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An open letter
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An open letter to the woman who honked at me and yelled at me to "get on the sidewalk" while I biked to work this morning:

Dear Ma'am,

Clearly you are ignorant of both the law and common sense when it comes to rules of the road. Let's start with the law. From the City of Minneapolis' official website: "Minnesota Bicycling law gives cyclists the same rights and responsibilities as motorists. This means that you have the freedom to ride on all streets, except for those which prohibit cyclists. In Minneapolis, prohibited streets include Nicollet Mall (Monday-Friday, 6 am to 6 pm) and all freeways." Is University Avenue a freeway? I think not. The page continues: "Cyclists are required to stay to the right, riding 'as close as practicable to the right-hand curb or edge of the roadway.' Exceptions detailed in Minnesota law include: when passing, when preparing for a left turn, and when necessary to avoid parked cars and surface hazards. An exception is also included for narrow width lanes. Typically this translates to cyclists riding just right of center of the lane that serves their destination. Bike riding too close to curbs and in gutters can be dangerous because of debris and decreased visibility to motorists.

Motorists should look at cyclists as slow-moving vehicles. Minnesota Driving Rules require that motorists pass cyclists with 'in no case less than three feet clearance, . . . and shall maintain clearance until safely past the overtaken bicycle . . . '" That's pretty clear, Ma'am. I missed the part in the Driving Rules that say you should get intimidatingly close to a biker, honk at them, and yell at them for following the legal rules of the road.

Now for some common sense reasons that it's a bad idea to bike on the sidewalk. One study showed that sidewalk riding is twice as dangerous as riding in the street. Another study shows that it's even more dangerous than that. The Bicycle Safe website explains why it's so dangerous: "Crossing between sidewalks can be a fairly dangerous maneuver. If you do it on the left-hand side of the street, you risk getting slammed as per the diagram. If you do it on the right-hand side of the street, you risk getting slammed by a car behind you that's turning right. You also risk getting hit by cars pulling out of parking lots or driveways. These kinds of accidents are hard to avoid, which is a compelling reason to not ride on the sidewalk in the first place. And another reason not to ride on the sidewalk is that you're threatening to pedestrians. Your bike is as threatening to a pedestrian as a car is threatening to you. Finally, riding on the sidewalk is illegal in some places."

And last but not least, this video shows another good reason not to ride your bike on the sidewalk. You could be arrested and punched in the face four times by an idiot cop who accidentally maces himself in the face. And no one wants that.

http://www.youtube.com/watch?v=7IHL1_CZExs

So I hope this has helped clear some things up for you, Ma'am. I'm not going to raise my level of risk of having an accident, cause harm to myself, my bike, another car or a pedestrian, or break the law simply because you are ignorant and abusive. University Avenue is a two-lane street, and if my presence in the right lane makes you nervous, there's a whole other lane you can enter to zip by me. But I ride this route every morning, and I can tell you plenty of other people have no problem sharing the right lane with me. Yes, sometimes they need to slow down for 6 seconds if they can't squeeze around me, but I don't think I've ever caused anyone to add any extra time to their commute. That is, unless they feel the need to slow down and lecture me for a while.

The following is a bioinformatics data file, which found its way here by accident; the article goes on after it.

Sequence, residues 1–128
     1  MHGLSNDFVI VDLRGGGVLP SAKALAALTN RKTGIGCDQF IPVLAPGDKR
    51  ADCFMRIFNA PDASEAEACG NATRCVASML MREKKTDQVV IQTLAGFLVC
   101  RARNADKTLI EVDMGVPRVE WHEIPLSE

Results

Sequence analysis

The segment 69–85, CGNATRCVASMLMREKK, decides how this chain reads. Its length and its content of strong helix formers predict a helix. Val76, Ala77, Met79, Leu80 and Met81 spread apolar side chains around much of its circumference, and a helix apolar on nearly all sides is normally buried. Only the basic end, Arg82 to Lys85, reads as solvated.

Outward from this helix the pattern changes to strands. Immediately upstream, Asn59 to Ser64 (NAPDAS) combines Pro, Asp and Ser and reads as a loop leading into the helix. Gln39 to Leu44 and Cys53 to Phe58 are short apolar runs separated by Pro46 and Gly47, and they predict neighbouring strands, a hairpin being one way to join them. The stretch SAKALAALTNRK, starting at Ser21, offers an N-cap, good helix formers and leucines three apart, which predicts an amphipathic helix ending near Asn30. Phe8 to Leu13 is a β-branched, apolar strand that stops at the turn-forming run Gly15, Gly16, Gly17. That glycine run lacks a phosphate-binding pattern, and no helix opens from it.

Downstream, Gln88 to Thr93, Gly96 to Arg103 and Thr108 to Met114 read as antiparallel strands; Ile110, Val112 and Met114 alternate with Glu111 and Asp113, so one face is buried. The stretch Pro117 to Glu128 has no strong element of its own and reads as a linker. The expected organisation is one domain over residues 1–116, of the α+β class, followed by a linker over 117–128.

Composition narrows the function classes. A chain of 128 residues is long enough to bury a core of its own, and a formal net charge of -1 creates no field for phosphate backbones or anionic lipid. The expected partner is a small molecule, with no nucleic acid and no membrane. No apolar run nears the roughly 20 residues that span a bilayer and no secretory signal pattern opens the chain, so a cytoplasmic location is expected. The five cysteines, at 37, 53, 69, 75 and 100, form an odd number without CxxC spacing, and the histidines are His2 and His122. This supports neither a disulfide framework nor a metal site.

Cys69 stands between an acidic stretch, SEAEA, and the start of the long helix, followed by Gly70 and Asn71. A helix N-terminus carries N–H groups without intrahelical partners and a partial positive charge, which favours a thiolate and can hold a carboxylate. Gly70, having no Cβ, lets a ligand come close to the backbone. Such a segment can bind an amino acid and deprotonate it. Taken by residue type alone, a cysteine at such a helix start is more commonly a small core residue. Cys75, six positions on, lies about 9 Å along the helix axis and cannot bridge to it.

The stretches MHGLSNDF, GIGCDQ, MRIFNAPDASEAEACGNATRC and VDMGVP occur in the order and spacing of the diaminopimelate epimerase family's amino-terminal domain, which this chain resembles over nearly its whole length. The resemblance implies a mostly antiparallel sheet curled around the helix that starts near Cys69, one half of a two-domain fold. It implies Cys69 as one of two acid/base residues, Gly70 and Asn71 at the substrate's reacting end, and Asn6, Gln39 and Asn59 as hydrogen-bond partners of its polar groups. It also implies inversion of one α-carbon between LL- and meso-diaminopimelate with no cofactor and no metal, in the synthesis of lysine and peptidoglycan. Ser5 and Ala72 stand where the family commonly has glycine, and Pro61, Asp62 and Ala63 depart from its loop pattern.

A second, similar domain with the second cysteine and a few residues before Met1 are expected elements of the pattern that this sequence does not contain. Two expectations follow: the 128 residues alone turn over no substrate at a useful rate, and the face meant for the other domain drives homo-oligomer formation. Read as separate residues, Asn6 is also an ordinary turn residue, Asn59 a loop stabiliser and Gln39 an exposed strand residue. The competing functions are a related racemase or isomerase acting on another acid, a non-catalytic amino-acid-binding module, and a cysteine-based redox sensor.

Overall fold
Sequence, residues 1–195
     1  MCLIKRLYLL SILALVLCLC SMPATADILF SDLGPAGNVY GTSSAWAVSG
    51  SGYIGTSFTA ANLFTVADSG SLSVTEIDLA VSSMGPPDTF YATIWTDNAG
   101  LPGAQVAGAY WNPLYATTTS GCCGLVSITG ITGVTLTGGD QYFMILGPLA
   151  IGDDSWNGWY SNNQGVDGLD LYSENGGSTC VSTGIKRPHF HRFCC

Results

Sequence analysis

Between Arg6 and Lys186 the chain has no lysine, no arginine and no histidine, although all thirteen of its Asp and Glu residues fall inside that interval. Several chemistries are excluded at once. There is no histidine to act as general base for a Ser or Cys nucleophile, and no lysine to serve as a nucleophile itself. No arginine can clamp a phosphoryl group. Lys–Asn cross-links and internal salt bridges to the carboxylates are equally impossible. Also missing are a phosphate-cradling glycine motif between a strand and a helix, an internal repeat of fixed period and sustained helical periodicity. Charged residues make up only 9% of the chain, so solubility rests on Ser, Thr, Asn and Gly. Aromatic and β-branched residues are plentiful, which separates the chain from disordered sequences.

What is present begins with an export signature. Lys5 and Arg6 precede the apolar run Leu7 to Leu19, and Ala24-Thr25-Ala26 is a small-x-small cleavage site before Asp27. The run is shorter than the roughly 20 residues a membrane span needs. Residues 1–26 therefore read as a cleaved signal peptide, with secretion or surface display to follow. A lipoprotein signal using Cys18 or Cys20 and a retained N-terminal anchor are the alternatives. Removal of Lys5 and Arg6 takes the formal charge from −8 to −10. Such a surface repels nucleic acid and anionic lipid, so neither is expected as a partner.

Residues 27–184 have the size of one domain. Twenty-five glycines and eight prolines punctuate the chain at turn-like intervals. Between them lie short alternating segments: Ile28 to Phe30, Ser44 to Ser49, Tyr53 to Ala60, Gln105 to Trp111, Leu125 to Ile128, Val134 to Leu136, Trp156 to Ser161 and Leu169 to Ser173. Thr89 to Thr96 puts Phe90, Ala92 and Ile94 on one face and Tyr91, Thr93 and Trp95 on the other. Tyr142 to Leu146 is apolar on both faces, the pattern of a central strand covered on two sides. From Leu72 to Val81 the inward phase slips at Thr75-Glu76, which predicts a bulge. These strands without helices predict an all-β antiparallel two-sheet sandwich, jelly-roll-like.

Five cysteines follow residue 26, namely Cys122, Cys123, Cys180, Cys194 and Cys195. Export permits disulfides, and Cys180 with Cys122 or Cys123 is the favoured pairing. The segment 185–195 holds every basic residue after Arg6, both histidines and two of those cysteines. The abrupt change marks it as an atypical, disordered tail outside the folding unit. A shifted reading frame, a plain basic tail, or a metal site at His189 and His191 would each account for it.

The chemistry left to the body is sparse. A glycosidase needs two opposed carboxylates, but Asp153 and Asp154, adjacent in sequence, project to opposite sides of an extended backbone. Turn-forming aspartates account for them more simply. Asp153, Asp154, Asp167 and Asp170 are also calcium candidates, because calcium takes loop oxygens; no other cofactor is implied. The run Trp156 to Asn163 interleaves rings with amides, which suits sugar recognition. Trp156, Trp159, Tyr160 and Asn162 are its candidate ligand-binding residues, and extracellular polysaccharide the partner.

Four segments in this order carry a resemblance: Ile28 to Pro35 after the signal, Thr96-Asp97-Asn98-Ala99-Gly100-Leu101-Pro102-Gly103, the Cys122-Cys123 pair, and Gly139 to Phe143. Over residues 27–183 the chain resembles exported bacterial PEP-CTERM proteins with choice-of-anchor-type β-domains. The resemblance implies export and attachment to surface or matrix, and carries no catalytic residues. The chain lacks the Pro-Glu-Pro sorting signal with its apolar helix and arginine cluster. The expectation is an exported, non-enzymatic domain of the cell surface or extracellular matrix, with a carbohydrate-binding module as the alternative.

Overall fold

Sincerely,

Mo

P.S. Sorry I gave you the finger. Just because you're rude is no reason for me to be as well.

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dorajar wrote:


...

And last but not least, this video shows another good reason not to ride your bike on the sidewalk. You could be arrested and punched in the face four times by an idiot cop who accidentally maces himself in the face. And no one wants that.

http://www.youtube.com/watch?v=7IHL1_CZExs

...



Yes, if you're a crackhead who gets into trouble with a cop in a high crime area, and happen to be on your bike at the time.

Other than this situation, no so much perhaps.

Sorry to hear about your problems commuting by bike. Rushhour is a hard time in cars. People have little patience for slow moving vehicles or anything that is perceived as slowing them down. Cars and bikes don't like each other, that's pretty obvious.

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It's for people like this that I wish I had more than 2 middle fingers.

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Not for nothing... but it's funny that you can get a ticket for driving down a street without your seatbelt buckled. Yet someone on the same street, riding a bike without a helmet? No problem.

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citizenx wrote:
Not for nothing... but it's funny that you can get a ticket for driving down a street without your seatbelt buckled. Yet someone on the same street, riding a bike without a helmet? No problem.


Nannies haven't figured out the dangers of biking yet. Don't worry, they will. Then they'll impose a 77% tax on biking related gear.

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